Sandhill Cranes throughout the United States

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are one of my favorite birds. I have yet to see them during spring migration in Nebraska, where it gets its name because of the Nebraska’s sandhills. However, I have observed them, and photograph them in , the subspecies in is considered endangered, at Bosque del Apache, and the cranberry bogs of and just recently in the middle winter in a field in .

What is interesting about Sandhill cranes is that it has one of the longest fossil records of any bird that is still found today. There was a 10-million-year-old Crane fossil found in Nebraska, which is thought to be a prehistoric relative of the modern day Sandhill Crane. The earliest remains may be those found approximate 1.8 million years ago. If you get a chance to get out and see one of these gorgeous birds.

Sandhill Crane

Sandhill Cranes

Sandhill Cranes

Sandhill Crane in Rhode Island February 2013

Sandhill Crane Family

sandhill Crane

Sandhill Crane

Sandhill Crane

Close-up Head of Florida Sandhill Crane

Mist in Early Morning Light

Sandhill Crane – Grus canadensis

sandhill Crane – Grus canadensis

sandhill Crane – Grus canadensis

Sandhill Crane – Grus canadensis pratensis

Sandhill Crane

Sandhill Cranes in a Cranberry Bog in Massachusetts

Myer Bornstein

Myer Bornstein

I photograph the natural beauty of Southeastern Massachusetts and Rhode Island and other locations Country and elsewhere. I also publish a blog about the area and other interesting vistas and locations.

Myer Bornstein

Myer Bornstein

Myer Bornstein –Photo Bee 1 has been involved in photography for many years and studied photography at the New York Inst. of Photography. He is now retired and photographs the natural beauty of Southeastern Massachusetts and Rhode Island and other locations in the United States, Canada, Mexico and Costa Rica. He also publishes a blog about his works natural history and includes, book and equipment reviews. You can view my blog at http://photobee1.blogspot.com/ Myer Bornstein has won 1st Place in the South Shore Massachusetts Daniel Webster Photo Contest, Best of Show in the Friends of the National Wildlife Refuges of Rhode Island 2011 Photo Contest, and was one of the twenty-four finalists in the 2011 Massachusetts Audubon Photo Contest. He received one of three Judges' Choice prizes in the "Share the View" International Nature Photography contest in 2011 plus had second picture as one of the featured 250 runner ups. He also placed another photograph in the 2012 contest. He was awarded first place in the “Chasing the Light” Juried competition, Flights of Fancy. He’s has also been published both on line and in Nature Magazines and in Books. Recently he had the honor of having the first "50" point photograph in the Pro-Am tournament conducted by The Images for Conservation Fund in the Rio Grande Valley of Texas. He teaches photography classes and instructs about Lightroom 4. He also is a volunteer naturalist and photographer for Allen Pond Massachusetts Audubon Sanctuary located in Dartmouth, Massachusetts.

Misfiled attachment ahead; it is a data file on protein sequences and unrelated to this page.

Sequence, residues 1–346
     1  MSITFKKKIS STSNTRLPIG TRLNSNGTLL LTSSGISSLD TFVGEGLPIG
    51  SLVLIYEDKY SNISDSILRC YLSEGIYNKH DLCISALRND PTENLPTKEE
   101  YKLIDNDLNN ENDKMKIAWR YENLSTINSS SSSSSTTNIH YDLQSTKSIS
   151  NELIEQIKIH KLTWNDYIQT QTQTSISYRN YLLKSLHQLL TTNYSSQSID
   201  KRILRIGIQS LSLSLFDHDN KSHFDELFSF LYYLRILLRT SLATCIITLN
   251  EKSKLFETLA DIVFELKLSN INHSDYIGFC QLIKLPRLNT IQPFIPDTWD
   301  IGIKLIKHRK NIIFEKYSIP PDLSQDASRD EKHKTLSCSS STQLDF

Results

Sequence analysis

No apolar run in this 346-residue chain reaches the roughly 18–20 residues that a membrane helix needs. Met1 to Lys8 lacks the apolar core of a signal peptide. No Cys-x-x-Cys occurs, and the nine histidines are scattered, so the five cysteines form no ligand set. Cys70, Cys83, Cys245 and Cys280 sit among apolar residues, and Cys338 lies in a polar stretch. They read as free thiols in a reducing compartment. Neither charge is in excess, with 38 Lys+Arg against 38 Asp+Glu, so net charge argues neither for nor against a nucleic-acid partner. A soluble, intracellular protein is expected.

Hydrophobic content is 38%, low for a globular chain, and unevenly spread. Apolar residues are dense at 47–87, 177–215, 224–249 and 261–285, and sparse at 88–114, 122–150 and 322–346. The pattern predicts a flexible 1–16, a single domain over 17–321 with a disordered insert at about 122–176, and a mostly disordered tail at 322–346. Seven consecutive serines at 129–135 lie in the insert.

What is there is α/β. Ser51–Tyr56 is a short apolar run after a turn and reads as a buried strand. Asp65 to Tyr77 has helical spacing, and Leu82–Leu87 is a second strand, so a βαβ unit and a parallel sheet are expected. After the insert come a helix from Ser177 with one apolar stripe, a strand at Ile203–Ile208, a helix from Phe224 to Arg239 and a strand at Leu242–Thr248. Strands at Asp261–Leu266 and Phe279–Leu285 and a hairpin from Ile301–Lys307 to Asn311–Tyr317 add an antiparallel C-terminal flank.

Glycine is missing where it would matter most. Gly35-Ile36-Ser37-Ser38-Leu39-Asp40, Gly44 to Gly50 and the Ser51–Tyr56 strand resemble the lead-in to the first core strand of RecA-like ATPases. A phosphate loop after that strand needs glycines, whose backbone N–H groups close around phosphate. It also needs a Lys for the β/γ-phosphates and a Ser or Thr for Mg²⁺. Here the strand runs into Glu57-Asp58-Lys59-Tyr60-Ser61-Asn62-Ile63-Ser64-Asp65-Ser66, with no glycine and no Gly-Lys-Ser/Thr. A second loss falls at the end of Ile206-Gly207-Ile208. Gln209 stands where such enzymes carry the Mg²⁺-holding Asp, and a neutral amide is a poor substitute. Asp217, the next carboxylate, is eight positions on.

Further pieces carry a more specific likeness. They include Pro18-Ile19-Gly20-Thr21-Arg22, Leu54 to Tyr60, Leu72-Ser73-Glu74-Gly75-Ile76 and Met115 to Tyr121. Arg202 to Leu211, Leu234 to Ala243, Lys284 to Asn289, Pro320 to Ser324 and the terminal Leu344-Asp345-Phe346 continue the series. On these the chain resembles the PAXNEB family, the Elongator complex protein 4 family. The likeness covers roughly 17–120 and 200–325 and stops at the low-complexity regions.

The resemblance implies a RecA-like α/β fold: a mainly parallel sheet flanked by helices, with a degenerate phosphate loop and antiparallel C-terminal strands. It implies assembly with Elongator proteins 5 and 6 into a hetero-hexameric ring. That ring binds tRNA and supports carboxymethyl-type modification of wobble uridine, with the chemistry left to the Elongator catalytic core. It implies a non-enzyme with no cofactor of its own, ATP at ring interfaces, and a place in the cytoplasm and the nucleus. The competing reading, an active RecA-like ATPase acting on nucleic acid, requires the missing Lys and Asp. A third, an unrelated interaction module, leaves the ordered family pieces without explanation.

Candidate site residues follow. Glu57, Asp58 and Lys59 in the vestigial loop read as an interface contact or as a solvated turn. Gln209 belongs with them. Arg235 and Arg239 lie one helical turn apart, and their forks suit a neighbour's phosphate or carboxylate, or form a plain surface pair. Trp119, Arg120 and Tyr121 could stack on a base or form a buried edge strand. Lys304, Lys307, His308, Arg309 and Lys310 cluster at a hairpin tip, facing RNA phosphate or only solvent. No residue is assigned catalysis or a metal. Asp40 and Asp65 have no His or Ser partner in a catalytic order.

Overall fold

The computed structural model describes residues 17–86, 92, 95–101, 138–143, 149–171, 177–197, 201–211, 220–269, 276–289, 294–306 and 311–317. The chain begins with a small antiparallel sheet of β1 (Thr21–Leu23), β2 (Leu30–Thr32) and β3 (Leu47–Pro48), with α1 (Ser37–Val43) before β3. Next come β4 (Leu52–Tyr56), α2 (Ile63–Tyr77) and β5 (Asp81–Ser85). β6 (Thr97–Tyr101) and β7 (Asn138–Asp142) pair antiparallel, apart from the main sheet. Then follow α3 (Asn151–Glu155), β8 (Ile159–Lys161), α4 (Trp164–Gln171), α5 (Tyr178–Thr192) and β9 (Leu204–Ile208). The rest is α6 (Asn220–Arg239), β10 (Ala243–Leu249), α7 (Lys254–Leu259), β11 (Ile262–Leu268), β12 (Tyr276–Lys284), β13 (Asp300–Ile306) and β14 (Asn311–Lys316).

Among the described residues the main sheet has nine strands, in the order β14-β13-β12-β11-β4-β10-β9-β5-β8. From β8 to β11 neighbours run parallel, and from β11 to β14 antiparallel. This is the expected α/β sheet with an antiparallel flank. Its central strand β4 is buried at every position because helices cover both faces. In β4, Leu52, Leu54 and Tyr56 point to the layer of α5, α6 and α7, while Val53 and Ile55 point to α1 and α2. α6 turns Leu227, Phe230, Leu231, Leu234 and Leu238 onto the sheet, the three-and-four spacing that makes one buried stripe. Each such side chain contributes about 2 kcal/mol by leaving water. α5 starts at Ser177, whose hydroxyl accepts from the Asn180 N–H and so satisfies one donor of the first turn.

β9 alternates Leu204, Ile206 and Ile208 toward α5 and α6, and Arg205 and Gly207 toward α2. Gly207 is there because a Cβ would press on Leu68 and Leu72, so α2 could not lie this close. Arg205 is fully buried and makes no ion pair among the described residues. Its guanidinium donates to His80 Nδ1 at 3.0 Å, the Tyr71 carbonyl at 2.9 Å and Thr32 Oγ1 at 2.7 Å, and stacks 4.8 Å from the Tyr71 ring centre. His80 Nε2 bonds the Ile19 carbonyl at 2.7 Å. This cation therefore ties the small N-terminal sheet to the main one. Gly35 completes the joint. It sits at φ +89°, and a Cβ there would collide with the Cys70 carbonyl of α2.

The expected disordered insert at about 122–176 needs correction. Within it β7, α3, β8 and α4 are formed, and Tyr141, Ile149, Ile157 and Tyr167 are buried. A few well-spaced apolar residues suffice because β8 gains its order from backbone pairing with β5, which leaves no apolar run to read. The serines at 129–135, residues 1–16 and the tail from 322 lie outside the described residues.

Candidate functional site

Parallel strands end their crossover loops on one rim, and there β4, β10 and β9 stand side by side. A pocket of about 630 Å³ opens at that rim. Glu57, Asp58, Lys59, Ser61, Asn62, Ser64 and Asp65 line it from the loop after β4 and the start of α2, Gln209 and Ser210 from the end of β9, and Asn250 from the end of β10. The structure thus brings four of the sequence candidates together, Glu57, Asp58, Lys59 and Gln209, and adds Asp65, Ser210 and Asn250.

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Frank Comisar

You have some beautiful work here! You must experience the spectacle of the spring migration in Nebraska one day. I’ve lived in NE all my life and have shot the spring migration of sandhill cranes numerous times; it never gets old.

Frank Comisar

You have some beautiful work here! You must experience the spectacle of the spring migration in Nebraska one day. I've lived in NE all my life and have shot the spring migration of sandhill cranes numerous times; it never gets old.